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In an earlier section, we discussed how to predict the leads and lags of revenue and expenses in future healthcare. Some approaches were suggested, but they were for a strictly defined, short-term program. We now must turn to future adventures in new directions, where it quickly emerges it is impossible to predict ahead several decades precisely if even the setting of goals must await Congressional decision. For example, we have it from statisticians that the average lifetime cost of healthcare is approximately $300,000 per person, somewhat more for females than males. That figure, however, is based on the assumption that present trend lines will continue when we can be pretty certain some expensive diseases will be cured, and some cures may even be more expensive than the disease. Diabetes has so far proved to be one such disease. Instead of dying in a few months, diabetics now give themselves injections and pumps for fifty years. It is now the turn of diabetes to be regarded as an expensive disease, a cure for which might possibly save money. And it all came about, because of research.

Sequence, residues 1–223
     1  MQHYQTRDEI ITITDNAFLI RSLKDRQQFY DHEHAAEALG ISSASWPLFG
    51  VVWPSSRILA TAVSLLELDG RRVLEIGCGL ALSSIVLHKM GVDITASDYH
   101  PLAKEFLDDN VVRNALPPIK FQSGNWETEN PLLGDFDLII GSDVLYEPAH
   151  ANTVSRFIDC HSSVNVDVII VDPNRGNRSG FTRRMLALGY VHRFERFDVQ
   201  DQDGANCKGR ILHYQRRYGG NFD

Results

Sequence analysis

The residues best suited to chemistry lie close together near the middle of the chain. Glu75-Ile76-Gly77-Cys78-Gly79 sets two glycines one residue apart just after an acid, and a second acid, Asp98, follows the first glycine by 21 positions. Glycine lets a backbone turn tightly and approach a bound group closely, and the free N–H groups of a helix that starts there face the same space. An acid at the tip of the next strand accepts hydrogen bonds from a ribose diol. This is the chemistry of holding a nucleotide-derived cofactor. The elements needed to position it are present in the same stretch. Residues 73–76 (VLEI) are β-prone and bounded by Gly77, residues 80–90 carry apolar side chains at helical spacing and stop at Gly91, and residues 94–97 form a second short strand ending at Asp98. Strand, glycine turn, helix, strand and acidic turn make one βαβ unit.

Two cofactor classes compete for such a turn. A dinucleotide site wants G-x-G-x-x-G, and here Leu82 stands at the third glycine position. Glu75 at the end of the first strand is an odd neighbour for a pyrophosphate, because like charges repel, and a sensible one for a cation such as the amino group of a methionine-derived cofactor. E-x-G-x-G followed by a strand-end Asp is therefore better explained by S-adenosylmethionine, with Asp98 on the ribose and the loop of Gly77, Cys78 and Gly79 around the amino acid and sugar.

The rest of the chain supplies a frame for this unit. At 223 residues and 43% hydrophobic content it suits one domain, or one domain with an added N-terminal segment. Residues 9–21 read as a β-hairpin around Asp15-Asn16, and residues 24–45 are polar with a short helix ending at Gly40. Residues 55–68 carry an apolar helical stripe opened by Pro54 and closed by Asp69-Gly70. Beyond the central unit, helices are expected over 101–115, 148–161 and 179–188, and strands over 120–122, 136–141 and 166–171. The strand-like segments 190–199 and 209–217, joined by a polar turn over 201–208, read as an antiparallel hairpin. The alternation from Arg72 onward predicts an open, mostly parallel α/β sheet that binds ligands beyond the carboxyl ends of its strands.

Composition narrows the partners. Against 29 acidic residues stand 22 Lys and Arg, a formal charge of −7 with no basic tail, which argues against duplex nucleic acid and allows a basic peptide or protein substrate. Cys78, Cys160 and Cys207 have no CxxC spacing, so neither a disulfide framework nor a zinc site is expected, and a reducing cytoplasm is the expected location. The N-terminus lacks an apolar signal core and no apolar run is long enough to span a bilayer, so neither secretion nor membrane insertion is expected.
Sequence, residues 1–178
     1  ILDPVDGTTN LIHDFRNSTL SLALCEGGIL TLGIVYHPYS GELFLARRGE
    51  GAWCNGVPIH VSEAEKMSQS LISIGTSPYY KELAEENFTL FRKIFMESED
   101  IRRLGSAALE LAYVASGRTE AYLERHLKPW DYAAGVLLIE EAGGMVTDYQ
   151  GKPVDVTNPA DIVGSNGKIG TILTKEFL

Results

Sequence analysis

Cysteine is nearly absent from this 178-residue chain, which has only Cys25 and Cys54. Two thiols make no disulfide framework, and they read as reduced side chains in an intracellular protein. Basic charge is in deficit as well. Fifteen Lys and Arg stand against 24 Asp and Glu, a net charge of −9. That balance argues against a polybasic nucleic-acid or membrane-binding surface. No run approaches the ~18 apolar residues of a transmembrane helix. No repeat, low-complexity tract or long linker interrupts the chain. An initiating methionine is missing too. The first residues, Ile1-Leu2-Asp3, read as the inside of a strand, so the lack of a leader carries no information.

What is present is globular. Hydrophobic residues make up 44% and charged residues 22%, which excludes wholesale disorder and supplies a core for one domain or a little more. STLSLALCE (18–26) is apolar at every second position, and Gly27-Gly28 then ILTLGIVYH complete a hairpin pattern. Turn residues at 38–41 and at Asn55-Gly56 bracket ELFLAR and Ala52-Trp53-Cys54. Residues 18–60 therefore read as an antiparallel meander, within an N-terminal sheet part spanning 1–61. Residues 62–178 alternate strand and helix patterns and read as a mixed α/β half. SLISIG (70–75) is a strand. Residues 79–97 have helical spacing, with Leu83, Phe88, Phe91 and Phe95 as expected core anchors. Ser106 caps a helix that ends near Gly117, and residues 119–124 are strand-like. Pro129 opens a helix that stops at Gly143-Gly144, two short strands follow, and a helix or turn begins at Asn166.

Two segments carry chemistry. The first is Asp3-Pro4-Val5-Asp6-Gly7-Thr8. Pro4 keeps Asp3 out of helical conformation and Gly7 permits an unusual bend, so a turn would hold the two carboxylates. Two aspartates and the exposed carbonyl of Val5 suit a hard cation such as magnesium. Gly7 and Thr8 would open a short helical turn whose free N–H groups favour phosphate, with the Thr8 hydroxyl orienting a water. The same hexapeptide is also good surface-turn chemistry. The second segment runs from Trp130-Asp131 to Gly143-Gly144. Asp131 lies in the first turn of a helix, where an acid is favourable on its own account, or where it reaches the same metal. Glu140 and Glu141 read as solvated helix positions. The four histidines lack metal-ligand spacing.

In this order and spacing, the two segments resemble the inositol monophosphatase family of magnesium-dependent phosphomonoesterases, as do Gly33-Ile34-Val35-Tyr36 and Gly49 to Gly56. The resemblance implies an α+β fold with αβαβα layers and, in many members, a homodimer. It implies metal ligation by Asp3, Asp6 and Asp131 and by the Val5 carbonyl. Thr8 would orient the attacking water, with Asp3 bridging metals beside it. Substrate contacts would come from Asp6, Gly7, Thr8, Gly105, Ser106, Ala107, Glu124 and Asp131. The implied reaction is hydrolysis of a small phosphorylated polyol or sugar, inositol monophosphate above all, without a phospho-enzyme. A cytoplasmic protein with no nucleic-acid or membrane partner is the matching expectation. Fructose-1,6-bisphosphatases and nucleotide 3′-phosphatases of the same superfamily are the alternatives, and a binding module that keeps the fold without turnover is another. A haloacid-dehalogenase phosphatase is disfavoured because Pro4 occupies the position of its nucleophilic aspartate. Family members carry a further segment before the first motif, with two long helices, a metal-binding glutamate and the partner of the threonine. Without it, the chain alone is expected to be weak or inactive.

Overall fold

So for the purpose of planning far ahead for the entire nation, we hastily assert that numerical answers are not the way to go. What's needed throughout the discussion is to keep revenue and expenses relatively in balance. That means designing a workable monitoring system for the project, so we can notice when the two lines are diverging. At that point, either we cut our suit to fit our cloth, or else we economize on some non-medical expenses, in order to pay for our new-fangled health care. Over long periods with different diseases, up to research bat at unexpected times, it seems fairly certain we would have to adjust, first to the left, then to the right, then to the left once again. The analogy would be pointing a sailing ship toward a goal, shifting sails as the wind changes. If this is the way we must navigate, we stay on a course only if we abandon the goal of stating the time of arrival, because we can't predict the weather. But as long as we must wait for politics to tell us what the next step is, we can't even define the system of measurements. That's awkward, but it's essential. For a planner, it is asking for a license to speak as we please, leaving only irreversible decisions to Congress. I suggest we establish a monitoring system right away and create it with a lot of independence. The real goal is not so much to assist the system but to learn how to monitor it. Everyone is entitled to an opinion, but no one was entitled to his own facts.